Whose Task Is It To Love You?

By Eilat Aviram

A while back I found myself thinking very fondly of someone dear to me and missing him a lot. For a while I just enjoyed the feeling of loving someone but as thoughts of him returned to my mind over and over at all sorts of times and places, I started to ask myself what was going on. Why was I thinking of him so very much and wishing he could be there to see me do whatever I was doing? It didn’t take long for me to see what was going on.

People in our lives tend to take on a certain role or representation for us. One way of interpreting dreams, for example, is to understand each person and thing in our dream as actually representing an aspect of our self. Then you look at each person or object in the dream and ask yourself, “What does this person / object represent to me? If I was describing it’s characteristics to someone, what would I say?” That way you can see which aspect of yourself the person or object is reflecting in the dream and you might understand your dream better.

The same is true for waking life. We see things around us in representative ways and observing our reactions to people or objects can tell us a lot about what is happening inside ourselves. If we always react in anger or fear or joy to someone or something, we know that we have a story attached to whatever that person or thing represents to us.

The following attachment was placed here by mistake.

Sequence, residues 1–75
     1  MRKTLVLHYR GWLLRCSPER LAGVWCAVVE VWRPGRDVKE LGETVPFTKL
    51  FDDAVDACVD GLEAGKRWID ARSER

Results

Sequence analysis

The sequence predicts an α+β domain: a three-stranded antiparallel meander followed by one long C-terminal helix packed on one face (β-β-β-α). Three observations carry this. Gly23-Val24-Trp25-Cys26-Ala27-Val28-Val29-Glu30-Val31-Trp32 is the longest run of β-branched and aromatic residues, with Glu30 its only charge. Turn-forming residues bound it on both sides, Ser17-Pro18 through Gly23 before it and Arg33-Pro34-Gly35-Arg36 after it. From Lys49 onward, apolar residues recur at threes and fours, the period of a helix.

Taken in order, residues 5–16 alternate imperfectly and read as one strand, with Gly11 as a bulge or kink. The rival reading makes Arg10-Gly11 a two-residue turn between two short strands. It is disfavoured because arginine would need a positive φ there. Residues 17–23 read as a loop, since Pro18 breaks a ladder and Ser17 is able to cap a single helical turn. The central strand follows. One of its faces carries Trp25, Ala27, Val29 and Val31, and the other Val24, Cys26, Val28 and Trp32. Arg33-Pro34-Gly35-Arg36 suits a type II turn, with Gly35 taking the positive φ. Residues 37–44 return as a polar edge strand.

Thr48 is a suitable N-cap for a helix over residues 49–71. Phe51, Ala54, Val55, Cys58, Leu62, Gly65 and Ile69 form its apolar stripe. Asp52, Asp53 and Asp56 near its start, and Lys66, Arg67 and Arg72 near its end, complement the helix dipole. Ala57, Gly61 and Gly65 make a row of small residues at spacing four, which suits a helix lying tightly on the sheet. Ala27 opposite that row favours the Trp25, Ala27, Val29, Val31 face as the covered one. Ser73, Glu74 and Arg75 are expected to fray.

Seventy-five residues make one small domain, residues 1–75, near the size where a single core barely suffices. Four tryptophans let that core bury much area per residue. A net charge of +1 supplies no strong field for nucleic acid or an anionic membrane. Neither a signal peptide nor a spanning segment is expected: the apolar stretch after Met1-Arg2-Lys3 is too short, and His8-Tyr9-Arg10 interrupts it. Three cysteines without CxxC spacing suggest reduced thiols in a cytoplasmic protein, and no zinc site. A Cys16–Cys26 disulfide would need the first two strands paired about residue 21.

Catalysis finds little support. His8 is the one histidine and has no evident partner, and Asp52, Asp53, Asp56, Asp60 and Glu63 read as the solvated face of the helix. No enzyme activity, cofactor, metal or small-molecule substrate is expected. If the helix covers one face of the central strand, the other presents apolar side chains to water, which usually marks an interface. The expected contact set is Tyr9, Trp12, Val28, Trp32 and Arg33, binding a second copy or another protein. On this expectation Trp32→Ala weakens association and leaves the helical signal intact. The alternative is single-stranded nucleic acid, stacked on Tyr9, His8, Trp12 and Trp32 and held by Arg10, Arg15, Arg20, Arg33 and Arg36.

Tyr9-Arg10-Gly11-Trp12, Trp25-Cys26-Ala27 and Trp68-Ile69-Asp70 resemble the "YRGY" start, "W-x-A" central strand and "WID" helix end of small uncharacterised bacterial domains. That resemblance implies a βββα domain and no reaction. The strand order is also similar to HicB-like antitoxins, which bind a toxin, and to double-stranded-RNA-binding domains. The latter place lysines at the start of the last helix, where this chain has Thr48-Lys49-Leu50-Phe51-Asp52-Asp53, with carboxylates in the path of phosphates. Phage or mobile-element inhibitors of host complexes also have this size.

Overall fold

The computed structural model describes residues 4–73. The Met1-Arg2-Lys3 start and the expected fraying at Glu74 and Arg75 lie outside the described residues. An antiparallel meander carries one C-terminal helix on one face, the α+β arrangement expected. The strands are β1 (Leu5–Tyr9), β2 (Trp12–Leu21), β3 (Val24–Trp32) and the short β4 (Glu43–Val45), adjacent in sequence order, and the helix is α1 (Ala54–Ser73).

So in my case, I wanted to know why I suddenly kept thinking about this person and quite intensely wishing he was present. I asked myself, “What does he represent to me?” I realised he represented a loving person who looks at me admiringly, thinks I’m wonderful, is open and generous to me with his time, emotions and resources. He would probably do everything in his power to give me what I wanted and make sure I was happy. Just writing this description now makes me smile and feel delicious. Who wouldn’t want to think about this a lot? But why was I suddenly thinking about him so much? As we like to ask in psychology – why this symptom, and why now? Why was I constantly applying thoughts of him like ointment to make myself feel better?

Well, bottom line is that I realised I was feeling a little bit insecure about myself. I was unsure about being special and wonderful. Also – probably because of this doubt – I was not gazing admiringly at myself or using my time, emotions and resources to do everything in my power to give me what I wanted and make me happy. I was feeling unloved and unsupported by myself hence my fantasies of having someone around who I felt would affirm my worth and do what I needed.

Once I realised this I turned inwards and said sorry to myself for being unloving like that. “If I loved myself what would I do now?” I asked. My answer? If I loved myself I would look at myself like I imagine he would look at me and I would make myself as important as I fantasise he would make me. Basically to see myself as precious and make my happiness a top priority.